The Trouble with Houten

The city of Houten, on the outskirts of Utrecht, is famed for its dedication to cycling. Not only does the city have an extensive, dedicated, cycling network, but the streets that cars can use are often restricted and inconvenient. During my trip to Utrecht, I spend one day in Houten. Here are my reflections.

Entrance to the Organism

I reach Houten via a long winding farm road leading 3 kilometers outside Utrecht. The path meanders, but is otherwise decently paved and well marked. The entrance to Houten is not some grandiose archway or city wall, but a rather forlorn looking underpass accompanied by a map. From above, the city looks like a cellular organism, or a Spanish Guitar with a railroad spur for a head.

If not for its model bicycle network, Houten would not get many visitors. And even though the interested are few and far between, now and then, a curious urbanist passes through the town’s underpass and into Houten’s drum.

Inside, the streets of Houten unwind into a series of opaque super-districts from the 1960s and 1970s. The housing is decently constructed and dense, but the roads curve and interlock in no meaningful way. As I bicycle south, I find myself increasingly lost. The suburbs become newer and newer, until Houten is only a rendering with an inspirational photograph of Venice. Here I have reached the future downtown called Castellum, an office and retail park that reminds me of a rendering of Diocletian’s Palace. Beyond the construction of Castellum, new Houten is a land of young trees. A beach and a lake stand before two modern pedestrian bridges and a string of houses designed to look like a Norwegian portside. One massive apartment building, sunk into a low marshland, resembles a modernized miniature of Breugel’s tower of Babel.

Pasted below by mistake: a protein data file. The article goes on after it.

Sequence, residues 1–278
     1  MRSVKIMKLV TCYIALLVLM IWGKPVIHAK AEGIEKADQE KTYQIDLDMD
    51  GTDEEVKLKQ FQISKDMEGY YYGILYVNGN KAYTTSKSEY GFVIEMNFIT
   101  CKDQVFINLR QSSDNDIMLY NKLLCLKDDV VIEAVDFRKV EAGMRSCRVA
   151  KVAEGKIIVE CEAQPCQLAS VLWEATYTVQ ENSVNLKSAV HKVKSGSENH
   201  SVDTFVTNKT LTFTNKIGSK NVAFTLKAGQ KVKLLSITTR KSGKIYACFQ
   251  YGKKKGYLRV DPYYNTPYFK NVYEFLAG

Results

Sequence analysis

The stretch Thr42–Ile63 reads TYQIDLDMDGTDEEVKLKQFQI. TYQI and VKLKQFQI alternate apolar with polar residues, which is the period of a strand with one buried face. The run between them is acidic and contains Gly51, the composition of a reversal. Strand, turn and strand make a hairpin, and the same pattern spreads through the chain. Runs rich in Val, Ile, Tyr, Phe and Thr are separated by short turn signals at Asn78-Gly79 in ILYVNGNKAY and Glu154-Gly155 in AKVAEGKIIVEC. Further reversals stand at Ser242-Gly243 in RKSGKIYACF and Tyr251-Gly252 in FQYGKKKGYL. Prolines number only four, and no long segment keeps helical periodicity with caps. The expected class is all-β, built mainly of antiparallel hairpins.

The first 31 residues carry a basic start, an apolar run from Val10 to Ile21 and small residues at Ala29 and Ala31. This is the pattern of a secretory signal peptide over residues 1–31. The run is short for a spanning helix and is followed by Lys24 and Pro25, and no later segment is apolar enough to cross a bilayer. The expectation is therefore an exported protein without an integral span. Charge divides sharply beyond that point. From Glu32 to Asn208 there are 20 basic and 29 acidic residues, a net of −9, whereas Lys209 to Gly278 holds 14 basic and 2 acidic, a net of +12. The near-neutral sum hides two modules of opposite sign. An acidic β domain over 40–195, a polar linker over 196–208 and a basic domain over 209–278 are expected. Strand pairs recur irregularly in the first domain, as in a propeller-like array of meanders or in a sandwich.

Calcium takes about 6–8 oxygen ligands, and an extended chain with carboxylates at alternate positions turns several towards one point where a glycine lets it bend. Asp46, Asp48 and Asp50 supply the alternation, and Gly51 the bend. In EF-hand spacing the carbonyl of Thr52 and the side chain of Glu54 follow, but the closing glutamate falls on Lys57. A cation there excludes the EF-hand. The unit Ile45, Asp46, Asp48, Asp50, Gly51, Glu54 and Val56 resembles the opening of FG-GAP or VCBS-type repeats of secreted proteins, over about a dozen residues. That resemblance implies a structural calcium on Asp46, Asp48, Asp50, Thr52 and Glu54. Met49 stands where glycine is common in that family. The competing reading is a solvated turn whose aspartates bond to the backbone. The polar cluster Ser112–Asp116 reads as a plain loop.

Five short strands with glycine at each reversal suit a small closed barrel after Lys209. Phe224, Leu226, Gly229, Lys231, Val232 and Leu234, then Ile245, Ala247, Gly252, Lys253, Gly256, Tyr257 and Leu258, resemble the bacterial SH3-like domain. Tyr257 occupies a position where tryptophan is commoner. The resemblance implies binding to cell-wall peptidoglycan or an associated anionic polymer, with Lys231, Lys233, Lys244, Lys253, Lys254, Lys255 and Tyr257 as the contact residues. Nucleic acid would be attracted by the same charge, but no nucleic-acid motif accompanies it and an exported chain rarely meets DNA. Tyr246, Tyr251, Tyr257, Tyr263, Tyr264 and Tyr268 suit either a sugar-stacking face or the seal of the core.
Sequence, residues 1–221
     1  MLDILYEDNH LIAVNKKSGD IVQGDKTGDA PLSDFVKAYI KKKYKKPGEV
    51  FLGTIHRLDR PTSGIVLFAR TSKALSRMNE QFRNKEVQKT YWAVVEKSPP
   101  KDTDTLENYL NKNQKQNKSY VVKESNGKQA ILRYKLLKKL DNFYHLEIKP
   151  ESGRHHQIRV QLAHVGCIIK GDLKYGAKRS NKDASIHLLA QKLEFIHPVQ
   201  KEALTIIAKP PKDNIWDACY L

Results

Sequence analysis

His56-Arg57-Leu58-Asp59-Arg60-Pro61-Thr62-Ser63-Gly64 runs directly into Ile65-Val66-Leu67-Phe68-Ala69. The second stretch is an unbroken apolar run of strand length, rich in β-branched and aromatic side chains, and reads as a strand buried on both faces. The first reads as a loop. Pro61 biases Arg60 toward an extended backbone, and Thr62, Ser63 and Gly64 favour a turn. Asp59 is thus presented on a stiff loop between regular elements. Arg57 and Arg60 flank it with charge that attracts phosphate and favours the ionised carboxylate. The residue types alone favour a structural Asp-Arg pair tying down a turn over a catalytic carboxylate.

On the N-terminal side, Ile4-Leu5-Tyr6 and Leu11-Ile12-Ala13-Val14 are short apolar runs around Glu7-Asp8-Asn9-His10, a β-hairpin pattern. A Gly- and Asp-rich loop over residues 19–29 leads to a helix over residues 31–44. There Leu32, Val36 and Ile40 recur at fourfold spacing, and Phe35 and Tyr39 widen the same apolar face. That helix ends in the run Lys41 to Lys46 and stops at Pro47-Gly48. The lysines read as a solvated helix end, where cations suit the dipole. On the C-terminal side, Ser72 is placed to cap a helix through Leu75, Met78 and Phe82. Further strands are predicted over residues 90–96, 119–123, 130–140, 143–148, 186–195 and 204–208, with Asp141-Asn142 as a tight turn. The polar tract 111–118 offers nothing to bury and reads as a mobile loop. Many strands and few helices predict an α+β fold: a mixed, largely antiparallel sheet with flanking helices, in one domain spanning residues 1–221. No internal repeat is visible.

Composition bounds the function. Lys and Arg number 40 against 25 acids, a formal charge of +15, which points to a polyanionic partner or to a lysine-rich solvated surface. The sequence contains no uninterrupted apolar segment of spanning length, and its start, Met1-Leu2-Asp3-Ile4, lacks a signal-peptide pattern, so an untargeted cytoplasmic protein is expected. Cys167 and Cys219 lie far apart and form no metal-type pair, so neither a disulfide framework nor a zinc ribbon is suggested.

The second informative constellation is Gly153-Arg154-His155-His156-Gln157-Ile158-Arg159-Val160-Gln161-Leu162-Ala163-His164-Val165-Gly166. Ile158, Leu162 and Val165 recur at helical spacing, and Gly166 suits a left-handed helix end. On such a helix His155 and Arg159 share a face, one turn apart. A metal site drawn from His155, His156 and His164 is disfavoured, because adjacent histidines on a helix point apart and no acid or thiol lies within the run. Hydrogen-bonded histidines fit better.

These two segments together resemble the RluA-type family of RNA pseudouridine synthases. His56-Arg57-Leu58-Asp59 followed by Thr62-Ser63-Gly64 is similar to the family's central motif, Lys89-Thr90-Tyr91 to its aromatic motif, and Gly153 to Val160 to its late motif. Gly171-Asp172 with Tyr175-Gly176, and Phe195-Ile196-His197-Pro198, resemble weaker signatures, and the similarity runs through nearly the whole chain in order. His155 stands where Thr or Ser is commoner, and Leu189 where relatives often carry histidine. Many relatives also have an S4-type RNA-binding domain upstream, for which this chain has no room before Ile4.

The Cyclist King

In Houten, the cyclist is king. At most times of day, the streets are designated “car as guest,” meaning that cars must defer to bicyclists in all situations. In Houten, the fastest way to get from point A to point B is always by bicycle, and the suburb has an abundance of dedicated cycle paths to move around from one place to another. Cars, meanwhile, must use a ring road that causes them to make frustrating, roundabout journeys, further encouraging bicycle usage.

For suburbs in the United States, Houten has a lot of lessons to offer. The network of cycling paths is safe, efficient, and well-designed. The grounds are lush and well-cared for, while the city’s retail nodes are attractively designed and well patronized.

The trouble with Houten, and many of the Netherlands’ newest suburbs (or Vinex suburbs, dedicated for population growth), however, is that they are incredibly mono-functional. Despite their relative density, well-proffered public and open spaces, and incredible bicycle paths, they have not heeded the doctrine of mixed-use. In Houten, there are no corner stores, no shopping streets with doner kebab, no laundromats nor tailors. In fact, if Houten had no bicycle paths at all, I expect it would still be a safe place to bike, because there is hardly any destination that might attract more than a passing car.

Lessons from Houten

As we reconsider the American suburb and attempt to correct the mistakes of our fore-planners, I would heed the Houten model with care. For though these types of suburbs are denser, greener, and better designed than our own, they are still suburbs, and for the most part, they are not so interesting to spend time in. For a bicycle system (and a city) to function at its highest potential, there need to be real and attractive destinations,  places to rest and have a cup of coffee or tea, or even do laundry with friends. Without them, the bike lanes are mere showpieces of a sustainable future.

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